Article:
“I would definitely be looking at the manmachine interface and how pilots respond,” said Cox, a former airline pilot who flew earlier versions of the 737 and specialized at the NTSB in cockpit actions.
The Boeing directive didn’t call for operators to carry out new inspections or take other action. It stressed that pilots should follow procedures in the flight manual when encountering erroneous data. Boeing has delivered 219 Max planes — the latest and most advanced 737 jets — since the models made their commercial debut last year with a Lion Air subsidiary.
American aviation regulators followed by issuing an emergency order Wednesday requiring that airlines follow Boeing’s instructions and add information to pilot manuals showing how to diagnose the problem and respond.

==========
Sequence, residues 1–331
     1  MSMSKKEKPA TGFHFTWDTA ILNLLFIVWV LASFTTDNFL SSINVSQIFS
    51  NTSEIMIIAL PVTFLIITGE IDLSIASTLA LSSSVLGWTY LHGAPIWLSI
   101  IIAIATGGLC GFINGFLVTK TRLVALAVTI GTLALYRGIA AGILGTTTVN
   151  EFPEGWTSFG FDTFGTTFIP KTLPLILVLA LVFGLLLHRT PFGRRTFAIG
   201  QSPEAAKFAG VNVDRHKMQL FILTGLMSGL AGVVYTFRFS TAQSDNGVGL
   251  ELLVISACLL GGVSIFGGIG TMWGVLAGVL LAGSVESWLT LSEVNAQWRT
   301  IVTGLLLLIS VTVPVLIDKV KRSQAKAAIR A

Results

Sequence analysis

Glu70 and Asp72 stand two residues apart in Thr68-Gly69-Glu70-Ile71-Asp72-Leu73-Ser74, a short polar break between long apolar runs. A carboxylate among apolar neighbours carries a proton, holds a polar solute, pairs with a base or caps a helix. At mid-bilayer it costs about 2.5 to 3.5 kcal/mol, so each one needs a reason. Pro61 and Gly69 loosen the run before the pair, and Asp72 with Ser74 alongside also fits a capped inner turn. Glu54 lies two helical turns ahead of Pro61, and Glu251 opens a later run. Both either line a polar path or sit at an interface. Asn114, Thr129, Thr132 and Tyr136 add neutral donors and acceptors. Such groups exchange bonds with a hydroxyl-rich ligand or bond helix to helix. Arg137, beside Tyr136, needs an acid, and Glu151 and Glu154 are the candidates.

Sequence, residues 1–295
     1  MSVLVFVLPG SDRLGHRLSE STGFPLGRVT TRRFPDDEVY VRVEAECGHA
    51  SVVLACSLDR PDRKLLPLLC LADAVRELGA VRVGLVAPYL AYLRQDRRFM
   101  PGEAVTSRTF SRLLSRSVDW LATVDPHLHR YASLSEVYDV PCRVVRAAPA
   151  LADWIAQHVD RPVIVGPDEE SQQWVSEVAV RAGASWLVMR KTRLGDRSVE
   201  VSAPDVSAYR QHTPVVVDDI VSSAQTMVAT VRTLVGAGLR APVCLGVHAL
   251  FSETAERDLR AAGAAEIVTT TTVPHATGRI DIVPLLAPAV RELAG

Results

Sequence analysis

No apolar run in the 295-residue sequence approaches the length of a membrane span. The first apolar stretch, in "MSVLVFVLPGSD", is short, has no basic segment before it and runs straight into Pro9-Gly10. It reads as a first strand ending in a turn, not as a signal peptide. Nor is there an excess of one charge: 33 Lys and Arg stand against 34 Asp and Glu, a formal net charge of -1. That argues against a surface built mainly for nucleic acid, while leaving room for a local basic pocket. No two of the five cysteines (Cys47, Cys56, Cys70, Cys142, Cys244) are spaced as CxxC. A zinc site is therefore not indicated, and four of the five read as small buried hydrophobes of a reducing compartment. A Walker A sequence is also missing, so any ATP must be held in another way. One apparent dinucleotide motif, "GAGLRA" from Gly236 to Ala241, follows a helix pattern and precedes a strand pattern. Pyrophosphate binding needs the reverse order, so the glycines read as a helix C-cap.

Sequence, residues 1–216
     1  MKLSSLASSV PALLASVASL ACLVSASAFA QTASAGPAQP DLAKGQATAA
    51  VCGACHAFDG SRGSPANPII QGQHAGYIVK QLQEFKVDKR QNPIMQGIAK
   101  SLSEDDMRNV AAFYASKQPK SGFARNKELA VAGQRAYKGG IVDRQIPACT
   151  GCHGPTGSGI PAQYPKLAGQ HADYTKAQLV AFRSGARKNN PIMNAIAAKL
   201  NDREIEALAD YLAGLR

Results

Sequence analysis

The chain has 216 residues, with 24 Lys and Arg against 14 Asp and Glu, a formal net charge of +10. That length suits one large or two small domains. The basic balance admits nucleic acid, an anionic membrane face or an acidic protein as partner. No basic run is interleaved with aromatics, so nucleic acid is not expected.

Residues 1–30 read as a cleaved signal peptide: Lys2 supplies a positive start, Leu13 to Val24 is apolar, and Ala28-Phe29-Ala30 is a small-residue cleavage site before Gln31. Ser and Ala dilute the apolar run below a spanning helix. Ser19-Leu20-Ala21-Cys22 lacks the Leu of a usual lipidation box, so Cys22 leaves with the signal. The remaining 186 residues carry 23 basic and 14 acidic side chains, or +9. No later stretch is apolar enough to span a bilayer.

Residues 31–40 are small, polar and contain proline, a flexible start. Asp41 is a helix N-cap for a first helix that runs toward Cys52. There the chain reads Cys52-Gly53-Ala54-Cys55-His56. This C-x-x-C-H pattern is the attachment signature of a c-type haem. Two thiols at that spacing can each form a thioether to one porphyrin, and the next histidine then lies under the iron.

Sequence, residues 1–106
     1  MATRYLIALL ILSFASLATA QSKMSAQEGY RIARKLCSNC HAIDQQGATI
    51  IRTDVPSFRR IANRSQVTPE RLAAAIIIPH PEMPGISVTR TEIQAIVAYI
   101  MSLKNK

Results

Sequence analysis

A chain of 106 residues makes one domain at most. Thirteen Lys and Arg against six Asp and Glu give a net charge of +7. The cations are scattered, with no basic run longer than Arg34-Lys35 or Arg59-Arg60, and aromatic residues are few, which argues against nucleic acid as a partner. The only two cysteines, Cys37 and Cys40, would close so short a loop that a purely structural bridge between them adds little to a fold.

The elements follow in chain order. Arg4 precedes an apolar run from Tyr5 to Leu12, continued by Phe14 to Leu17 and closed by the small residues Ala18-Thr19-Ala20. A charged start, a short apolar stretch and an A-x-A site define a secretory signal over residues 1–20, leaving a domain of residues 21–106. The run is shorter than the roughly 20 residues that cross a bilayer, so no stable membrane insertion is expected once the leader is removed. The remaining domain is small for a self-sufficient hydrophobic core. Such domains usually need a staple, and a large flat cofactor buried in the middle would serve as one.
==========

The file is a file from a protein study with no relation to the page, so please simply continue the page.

Carriers will have three days to update their manuals under the order, issued by the Federal Aviation Administration. The FAA said the problem “could cause the flight crew to have difficulty controlling the airplane, and lead to excessive nose-down attitude, significant altitude loss, and possible impact with terrain.”
Boeing, which is headquartered in Chicago, said it is cooperating fully and providing technical assistance as the investigation continues.
Investigators looking into the crash of a Lion Air 737 want to know what actions pilots took to counteract a dive.